28 July 2011

Best Frenemies

A friend refers to another scientist as his best enemy.  The important thing about this is, he is not angry or upset about the other scientist.  I'll call them John and Jane, John being the one I know.  John and Jane are both outspoken people.  Consequently, at meetings the two of them spend a fair amount of time disagreeing with each other.  And they disagree vigorously.

That vigor is part of what makes Jane a best enemy for John.  John's not a quiet person himself.  So it would be easy for him to vigorously say what he thinks is true and other people to quietly agree, because no other ideas were presented, or to quietly disagree.  Quiet disagreement would be worse.  It would mean that John would not have a chance to explain the parts of his thinking that would persuade those people that he was right after all.  With a vigorous enemy, however, John can be confident that Jane will bring up those points that aren't clear to other people.  And then John can explain them.  After this, if anyone disagrees with him, there's a fair chance that it's because he doesn't really have things right himself.  And he also has a chance to change his thinking, to arrive at something even better than what either he or Jane thought were the case when the two started their discussion.

The even larger bonus is that whatever conclusion John and Jane reach personally, they're confident that the entire audience knows what is the real topic of discussion, and why they each think as they do.  This puts enough substance on the table for the audience to be making good decisions.  If John's position isn't the one that some in the audience walk away with, that's fine.  He's going to keep thinking about the topic himself and maybe decide that something closer to Jane's original position is more correct.  Or maybe he realizes that there's a better way of describing why he thinks as he does.  Either way, some scientific progress is made.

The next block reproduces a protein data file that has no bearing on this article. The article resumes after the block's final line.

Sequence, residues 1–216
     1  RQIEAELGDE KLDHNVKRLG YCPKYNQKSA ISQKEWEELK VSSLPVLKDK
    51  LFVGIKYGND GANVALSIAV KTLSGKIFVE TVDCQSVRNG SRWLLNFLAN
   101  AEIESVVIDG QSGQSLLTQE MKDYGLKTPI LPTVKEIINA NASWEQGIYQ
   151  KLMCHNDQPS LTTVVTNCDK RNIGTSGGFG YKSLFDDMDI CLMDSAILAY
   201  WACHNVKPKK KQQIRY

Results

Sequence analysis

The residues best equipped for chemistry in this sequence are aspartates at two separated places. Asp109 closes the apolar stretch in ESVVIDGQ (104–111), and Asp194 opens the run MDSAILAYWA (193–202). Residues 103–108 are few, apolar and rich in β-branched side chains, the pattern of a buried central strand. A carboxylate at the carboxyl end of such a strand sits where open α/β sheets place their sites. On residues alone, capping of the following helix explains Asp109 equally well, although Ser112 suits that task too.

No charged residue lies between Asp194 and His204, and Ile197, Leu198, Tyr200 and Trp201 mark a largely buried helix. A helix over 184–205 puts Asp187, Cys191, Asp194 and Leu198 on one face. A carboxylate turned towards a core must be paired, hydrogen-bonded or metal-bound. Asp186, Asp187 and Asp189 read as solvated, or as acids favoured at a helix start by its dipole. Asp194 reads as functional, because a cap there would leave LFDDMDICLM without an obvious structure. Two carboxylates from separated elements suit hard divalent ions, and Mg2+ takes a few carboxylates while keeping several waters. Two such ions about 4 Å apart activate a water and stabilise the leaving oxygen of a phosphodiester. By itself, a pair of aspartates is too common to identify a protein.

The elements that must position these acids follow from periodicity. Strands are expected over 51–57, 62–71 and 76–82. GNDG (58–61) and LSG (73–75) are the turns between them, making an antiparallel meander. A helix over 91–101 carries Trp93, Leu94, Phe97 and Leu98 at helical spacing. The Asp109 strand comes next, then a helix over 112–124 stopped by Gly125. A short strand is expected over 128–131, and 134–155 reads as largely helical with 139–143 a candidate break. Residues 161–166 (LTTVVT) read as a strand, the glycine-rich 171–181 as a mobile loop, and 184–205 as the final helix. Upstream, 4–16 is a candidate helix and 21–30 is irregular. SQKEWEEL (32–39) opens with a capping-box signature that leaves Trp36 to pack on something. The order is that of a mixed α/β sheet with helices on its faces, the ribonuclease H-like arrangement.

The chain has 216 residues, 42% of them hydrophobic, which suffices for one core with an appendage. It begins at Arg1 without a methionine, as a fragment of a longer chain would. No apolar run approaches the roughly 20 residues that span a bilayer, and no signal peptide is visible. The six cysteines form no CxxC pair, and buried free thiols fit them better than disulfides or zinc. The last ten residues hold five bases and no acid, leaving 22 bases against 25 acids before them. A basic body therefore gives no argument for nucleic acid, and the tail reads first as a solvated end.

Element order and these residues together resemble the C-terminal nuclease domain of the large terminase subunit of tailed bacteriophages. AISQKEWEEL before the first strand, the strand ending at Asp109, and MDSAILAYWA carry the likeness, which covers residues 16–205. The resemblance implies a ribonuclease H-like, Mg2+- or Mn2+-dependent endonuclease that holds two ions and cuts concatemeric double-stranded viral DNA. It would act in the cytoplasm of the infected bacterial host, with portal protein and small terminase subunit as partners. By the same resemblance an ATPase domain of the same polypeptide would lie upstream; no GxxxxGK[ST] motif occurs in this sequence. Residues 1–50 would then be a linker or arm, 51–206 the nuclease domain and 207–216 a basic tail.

Another part of what makes it work is that their discussions, regardless of how vigorous (an uninformed observer might say 'violent'), are technical.  Both of them have serious professional reasons for their conclusions.  And it is those professional reasons they turn to, not cherry picking starting points for time series trend analysis and other dishonest or ignorant methods.

A final matter that makes it work is that neither of them is personally upset by the fact that they have professional disagreement.  Both apparently rather relish it.  After spending 8 hours at the meeting disagreeing with each other about almost everything under the sun, they go out to dinner together and chat pleasantly about other topics.

Strictly speaking, I only have 'John's view of matters.  I don't know 'Jane'.  Still, they've been doing it for decades now, and I think even of 'John' were extremely clueless about other people (and my observation is that he is fairly clueful), he'd have picked up on 'Jane's differing viewpoint. 

Names and genders may well have been changed for the purpose of the story telling.  The people and descriptions are otherwise accurate.


Kooiti Masuda said...

I remember Lindzen was like that with Japanese atmospheric dynamicists until 1990, or until around the time when the discussions led to this paper were made. I do not know the situation after that.

Robert Grumbine said...

I hadn't realized that Lindzen had started this line so far back. I'll have to read the paper; it looks from the abstract like they set out a nice, fundamental, argument. It might also have some light to shed on the recent Spencer paper.

In other matters, there's a chance I'll be in Japan next May for a meeting.